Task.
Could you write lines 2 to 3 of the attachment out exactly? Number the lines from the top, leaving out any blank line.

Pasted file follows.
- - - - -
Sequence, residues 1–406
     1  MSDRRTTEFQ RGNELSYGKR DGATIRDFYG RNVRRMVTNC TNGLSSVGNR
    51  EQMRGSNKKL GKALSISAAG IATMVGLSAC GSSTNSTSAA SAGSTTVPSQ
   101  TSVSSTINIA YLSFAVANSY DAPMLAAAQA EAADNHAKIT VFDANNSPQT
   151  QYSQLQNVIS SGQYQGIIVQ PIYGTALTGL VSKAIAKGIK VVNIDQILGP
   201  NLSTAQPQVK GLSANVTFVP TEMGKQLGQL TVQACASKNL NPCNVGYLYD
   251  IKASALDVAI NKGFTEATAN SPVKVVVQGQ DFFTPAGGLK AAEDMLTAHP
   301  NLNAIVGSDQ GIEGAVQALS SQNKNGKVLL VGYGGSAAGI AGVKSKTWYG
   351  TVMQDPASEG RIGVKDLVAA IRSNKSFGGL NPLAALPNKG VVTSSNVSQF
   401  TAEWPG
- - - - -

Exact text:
     1  MSDRRTTEFQ RGNELSYGKR DGATIRDFYG RNVRRMVTNC TNGLSSVGNR
    51  EQMRGSNKKL GKALSISAAG IATMVGLSAC GSSTNSTSAA SAGSTTVPSQ